Lease agreements

Types of leasing arrangements

The principal legislation which regulates leases of premises in Hong Kong, whether business or residential, is the Landlord and Tenant (Consolidation) Ordinance (Chapter 7).

Other relevant legislation can be found in the CPO and the Land Registration Ordinance (Chapter 128).

The law generally recognises contractual agreements (whether oral or written) under which occupation and use of real estate is let for a certain period of time.

There are two types of arrangements:

  • A lease; and
  • A tenancy agreement.

A lease for a term exceeding three years must be executed as a deed in order to create a legal estate in land. A tenancy agreement for a term not exceeding three years takes effect in possession and does not need to be in writing, although it is preferable.

Common terms in commercial leases

There are no prescribed form of commercial leases and parties are free to negotiate and agree on the terms of commercial leases. In practice, rent for commercial premises is usually divided into stages throughout the lease term whereby the rent payable would be a fixed rent which will be adjustable during the term of the lease such that the rent may increase by a certain percentage in stages, making reference to the turnover or the prevailing market rent, depending on the types of leases. There is, in general, no restrictions over the level of rent that

could be charged.

In terms of apportioning costs, the lessor is generally liable for structural repairs and the capital as well as non-recurring costs whereas the lessee is obliged to keep the property in good and tenantable condition, with fair wear and tear excepted, and shall bear the non-capital and recurring costs of the premises.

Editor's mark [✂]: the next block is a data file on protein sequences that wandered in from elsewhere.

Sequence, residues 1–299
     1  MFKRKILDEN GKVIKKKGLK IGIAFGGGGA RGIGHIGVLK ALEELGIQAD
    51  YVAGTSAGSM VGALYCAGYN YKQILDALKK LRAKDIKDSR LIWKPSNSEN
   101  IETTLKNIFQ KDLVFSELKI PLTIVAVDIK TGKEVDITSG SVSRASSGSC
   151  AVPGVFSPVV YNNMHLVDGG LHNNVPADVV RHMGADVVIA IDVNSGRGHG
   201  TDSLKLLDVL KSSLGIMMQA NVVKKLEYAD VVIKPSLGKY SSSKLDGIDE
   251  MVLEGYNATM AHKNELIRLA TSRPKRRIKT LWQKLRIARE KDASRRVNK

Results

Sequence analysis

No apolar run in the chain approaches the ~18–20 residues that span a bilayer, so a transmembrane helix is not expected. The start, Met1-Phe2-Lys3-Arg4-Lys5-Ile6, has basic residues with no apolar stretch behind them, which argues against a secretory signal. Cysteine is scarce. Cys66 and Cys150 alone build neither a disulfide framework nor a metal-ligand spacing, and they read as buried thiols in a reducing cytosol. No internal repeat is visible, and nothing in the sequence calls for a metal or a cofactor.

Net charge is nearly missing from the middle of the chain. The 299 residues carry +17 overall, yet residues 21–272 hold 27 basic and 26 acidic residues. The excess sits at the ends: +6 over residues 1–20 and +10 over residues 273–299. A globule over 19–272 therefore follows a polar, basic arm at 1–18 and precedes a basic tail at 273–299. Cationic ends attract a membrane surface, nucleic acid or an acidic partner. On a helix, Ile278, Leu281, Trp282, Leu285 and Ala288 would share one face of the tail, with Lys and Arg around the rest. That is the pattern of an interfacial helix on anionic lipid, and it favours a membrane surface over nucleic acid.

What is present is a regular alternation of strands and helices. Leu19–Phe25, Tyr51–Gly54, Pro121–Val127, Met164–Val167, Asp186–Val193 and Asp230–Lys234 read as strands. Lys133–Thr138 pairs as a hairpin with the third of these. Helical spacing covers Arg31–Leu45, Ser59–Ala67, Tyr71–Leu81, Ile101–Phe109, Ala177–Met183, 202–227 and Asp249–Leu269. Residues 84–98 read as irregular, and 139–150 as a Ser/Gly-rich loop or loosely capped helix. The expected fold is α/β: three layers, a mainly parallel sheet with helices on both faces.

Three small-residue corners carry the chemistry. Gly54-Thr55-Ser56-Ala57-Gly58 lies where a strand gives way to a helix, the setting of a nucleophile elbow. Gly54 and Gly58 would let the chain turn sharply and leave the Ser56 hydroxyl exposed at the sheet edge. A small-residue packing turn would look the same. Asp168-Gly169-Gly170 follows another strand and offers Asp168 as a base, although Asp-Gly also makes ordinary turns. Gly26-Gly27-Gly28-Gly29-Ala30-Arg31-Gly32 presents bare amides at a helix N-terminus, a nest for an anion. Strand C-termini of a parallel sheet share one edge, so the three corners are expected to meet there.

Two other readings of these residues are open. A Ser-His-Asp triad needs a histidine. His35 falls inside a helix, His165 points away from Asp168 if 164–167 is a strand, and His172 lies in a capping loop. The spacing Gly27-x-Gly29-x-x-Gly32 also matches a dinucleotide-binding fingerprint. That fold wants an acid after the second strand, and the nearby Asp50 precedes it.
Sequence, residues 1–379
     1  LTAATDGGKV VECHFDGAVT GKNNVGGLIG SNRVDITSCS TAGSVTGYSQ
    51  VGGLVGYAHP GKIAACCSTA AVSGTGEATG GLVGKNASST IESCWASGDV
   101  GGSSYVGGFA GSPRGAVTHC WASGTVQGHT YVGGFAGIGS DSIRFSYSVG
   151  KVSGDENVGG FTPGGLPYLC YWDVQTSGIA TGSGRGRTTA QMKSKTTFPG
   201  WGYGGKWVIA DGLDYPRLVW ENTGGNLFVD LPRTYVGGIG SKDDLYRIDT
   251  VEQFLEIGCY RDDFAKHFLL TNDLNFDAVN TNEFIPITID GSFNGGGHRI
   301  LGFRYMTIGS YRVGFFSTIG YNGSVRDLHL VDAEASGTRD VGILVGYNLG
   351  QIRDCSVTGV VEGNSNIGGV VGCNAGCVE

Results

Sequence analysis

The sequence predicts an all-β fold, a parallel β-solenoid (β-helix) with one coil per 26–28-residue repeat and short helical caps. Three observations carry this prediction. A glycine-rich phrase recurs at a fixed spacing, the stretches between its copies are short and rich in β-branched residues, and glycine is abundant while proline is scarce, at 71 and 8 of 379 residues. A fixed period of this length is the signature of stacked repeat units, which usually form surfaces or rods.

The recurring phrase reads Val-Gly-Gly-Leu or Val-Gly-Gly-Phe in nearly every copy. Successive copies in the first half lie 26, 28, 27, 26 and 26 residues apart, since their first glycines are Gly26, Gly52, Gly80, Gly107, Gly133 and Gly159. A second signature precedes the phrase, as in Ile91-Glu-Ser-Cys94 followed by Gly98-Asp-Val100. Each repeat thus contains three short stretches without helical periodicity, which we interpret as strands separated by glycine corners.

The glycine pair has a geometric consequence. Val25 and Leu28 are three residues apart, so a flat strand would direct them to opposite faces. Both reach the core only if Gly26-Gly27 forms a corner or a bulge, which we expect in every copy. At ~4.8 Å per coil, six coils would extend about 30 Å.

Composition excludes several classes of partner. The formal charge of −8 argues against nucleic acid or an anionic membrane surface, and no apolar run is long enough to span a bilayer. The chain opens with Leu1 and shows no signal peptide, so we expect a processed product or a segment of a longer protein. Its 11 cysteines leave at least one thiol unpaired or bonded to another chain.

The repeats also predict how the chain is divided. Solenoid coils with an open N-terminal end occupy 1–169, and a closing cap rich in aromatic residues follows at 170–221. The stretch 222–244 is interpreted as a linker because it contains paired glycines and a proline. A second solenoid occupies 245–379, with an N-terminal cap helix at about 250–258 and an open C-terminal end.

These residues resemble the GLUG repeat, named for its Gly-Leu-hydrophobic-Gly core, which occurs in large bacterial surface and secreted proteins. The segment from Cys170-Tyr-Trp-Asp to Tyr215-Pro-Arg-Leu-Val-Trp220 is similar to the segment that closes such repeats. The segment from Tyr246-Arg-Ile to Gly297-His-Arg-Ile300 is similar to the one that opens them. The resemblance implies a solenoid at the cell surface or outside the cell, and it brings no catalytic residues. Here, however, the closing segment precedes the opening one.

Length of lease

Most commercial leases for office use in Hong Kong are for a term of two or three years. Terms for office use over two or three years are negotiable depending on the parties' bargaining power and/or market conditions. Commercial leases for retail use may tend to be longer than office use.

While most commercial leases contain an option to renew prior to the expiry of the lease term, it is noteworthy that an option to renew has to be expressed and clearly delineated in leases for it to be effective as illustrated in the case of Tse Siu Hoi v Lee Dick Gold and Jewellery Limited LDPE 1132/2014. It is desirable to specify in clear terms how the option should be exercised, and how the new rental is to be determined.

An option to renew is a registrable interest in the Land Registry and therefore a lease containing an option to renew extending the lease term to over 3 years is often registered in the Land Registry to safeguard the interest of the lessee.

A party, or either party, may elect to terminate the commercial lease according to its terms and conditions. Usually, the landlord will reserve a right to terminate and re-enter the premises upon the lessee breaching a condition or a covenant and having failed to remedy such breach within a stipulated period of time.

It is noteworthy that an option to renew has to be expressed and clearly delineated in leases for it to be effective.

Regulation of lease

There are no specific regulations or laws which only apply to particular categories of real estate. All residential, commercial and industrial letting are principally governed by the Landlord and Tenant (Consolidation) Ordinance (Chapter 7), the CPO, the Land Registration Ordinance (Chapter 128) and for aspects regarding the obligations and liabilities of landlords and tenants as occupiers of the premises towards third party, the Occupiers' Liability Ordinance (Chapter 314).

Note that the Hotel and Guesthouse Accommodation Ordinance (Chapter 349) provides for the regulation, control and safety of the hotel.

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